A Promising Future for U.S. Shale
Natural gas production from U.S. shale fields can keep growing for decades, giving Washington a powerful diplomatic tool to counter the geopolitical influence of other energy exporters such as Russia, according to industry executives and government officials.
The United States can expand shale gas output another 60 percent in the coming decades, according to at least one estimate. So far, liquefied natural gas (LNG) has been spared from retaliatory tariffs in U.S. President Donald Trump's intensifying trade conflicts with China and other countries.
"We see a century of natural gas supply in U.S. shale," said Ryan Lance, CEO of ConocoPhillips (COP)."Shale's abundance is real and it's not going away."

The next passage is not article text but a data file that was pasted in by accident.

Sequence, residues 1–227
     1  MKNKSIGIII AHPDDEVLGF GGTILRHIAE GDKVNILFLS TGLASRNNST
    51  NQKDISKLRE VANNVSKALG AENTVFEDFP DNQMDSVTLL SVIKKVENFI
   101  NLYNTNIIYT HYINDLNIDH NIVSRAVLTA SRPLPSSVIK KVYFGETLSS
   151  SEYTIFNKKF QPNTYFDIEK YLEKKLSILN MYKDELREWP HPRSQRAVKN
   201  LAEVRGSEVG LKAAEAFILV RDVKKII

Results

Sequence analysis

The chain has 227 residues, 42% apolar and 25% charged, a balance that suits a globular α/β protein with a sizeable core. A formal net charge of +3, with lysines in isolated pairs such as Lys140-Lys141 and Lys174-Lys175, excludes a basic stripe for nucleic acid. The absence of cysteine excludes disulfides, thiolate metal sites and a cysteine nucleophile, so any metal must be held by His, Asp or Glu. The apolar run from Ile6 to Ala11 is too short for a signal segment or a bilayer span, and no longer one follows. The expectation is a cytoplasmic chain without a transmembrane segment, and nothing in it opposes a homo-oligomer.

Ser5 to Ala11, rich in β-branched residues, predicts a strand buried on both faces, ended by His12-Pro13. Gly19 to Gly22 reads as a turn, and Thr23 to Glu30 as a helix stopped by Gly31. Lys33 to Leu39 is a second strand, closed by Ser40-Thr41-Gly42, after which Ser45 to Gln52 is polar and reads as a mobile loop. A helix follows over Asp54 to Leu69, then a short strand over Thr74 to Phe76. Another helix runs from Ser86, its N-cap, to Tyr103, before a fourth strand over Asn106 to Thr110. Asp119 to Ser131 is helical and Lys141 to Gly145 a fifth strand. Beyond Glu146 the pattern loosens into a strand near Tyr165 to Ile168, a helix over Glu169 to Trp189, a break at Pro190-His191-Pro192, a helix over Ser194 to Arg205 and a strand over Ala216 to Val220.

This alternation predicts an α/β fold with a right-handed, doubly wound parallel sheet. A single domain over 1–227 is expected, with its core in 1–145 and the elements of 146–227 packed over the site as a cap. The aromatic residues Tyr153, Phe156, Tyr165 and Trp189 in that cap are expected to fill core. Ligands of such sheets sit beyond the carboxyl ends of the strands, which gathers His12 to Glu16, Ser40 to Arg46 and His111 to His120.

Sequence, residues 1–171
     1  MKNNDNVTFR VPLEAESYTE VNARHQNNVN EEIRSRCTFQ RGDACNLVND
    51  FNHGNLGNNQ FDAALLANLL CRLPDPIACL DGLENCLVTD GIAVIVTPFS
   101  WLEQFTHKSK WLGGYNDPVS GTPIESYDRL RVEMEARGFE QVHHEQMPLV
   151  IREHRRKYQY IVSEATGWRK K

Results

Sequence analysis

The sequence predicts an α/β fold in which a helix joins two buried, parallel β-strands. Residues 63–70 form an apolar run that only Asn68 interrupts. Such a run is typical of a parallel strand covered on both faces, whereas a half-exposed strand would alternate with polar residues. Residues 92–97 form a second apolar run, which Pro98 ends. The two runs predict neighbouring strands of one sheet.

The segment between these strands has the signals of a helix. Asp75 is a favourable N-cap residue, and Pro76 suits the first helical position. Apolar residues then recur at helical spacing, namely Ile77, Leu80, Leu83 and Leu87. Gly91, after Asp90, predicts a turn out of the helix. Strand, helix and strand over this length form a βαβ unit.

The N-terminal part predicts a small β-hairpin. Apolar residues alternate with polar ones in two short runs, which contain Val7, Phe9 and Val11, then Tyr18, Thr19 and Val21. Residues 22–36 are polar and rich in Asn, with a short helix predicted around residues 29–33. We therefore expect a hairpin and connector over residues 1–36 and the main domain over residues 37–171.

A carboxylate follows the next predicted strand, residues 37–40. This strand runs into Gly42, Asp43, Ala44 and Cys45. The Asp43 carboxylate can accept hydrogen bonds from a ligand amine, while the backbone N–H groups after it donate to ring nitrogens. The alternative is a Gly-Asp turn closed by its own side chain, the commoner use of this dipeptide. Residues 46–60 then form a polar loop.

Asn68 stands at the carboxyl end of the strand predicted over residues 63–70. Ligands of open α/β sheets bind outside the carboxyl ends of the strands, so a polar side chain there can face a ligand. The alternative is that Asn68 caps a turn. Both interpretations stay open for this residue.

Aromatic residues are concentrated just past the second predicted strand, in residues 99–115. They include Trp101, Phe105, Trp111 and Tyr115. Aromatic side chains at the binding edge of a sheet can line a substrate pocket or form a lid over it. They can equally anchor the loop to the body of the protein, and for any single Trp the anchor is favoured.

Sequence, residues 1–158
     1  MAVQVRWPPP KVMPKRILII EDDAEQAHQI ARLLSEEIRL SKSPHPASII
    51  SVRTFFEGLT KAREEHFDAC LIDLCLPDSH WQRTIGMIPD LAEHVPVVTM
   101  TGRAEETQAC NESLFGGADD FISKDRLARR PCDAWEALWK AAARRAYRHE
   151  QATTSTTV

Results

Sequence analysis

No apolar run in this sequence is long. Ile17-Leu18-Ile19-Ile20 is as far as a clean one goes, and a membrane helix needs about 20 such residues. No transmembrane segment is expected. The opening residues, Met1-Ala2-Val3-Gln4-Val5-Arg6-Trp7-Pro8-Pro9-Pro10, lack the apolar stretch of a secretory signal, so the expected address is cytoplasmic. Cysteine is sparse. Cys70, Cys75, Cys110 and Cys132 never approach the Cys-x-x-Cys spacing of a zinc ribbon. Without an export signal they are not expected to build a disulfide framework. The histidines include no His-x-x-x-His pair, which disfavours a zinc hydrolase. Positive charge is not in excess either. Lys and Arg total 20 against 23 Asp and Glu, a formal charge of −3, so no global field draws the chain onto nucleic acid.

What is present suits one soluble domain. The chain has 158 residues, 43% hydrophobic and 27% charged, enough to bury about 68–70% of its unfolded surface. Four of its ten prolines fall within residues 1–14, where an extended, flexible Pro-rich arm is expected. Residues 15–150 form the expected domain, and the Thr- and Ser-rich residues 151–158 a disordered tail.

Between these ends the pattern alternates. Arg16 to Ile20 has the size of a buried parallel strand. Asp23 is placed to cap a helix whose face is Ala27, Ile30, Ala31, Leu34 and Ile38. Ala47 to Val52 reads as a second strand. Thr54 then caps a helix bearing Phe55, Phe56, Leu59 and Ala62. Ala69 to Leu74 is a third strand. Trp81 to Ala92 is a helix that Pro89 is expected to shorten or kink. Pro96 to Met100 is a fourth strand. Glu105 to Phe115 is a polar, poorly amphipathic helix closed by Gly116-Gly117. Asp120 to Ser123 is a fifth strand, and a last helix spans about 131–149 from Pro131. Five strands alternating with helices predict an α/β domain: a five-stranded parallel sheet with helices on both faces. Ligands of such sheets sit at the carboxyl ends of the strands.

The United States currently produces about 72 billion cubic feet (bcf) of natural gas each day, a figure that is expected to grow by 7 bcf per day this year.
While Trump's tariffs against China, Europe, Mexico, Canada and others have cast a short-term pall over Washington's energy ambitions, the administration has said it is eager to expand fossil fuel supplies to global allies through supply agreements and technology sharing. Trump is also rolling back domestic regulations to encourage more oil and gas production.
The strategy, which Trump dubs "energy dominance," is aimed at making the United States a viable alternative to rival energy producers like Russia, as Washington seeks to forge bonds with big consumers like China.
"We're sharing our energy value with the world," said Rick Perry, the U.S. secretary of energy.
Reporting by Ernest Scheyder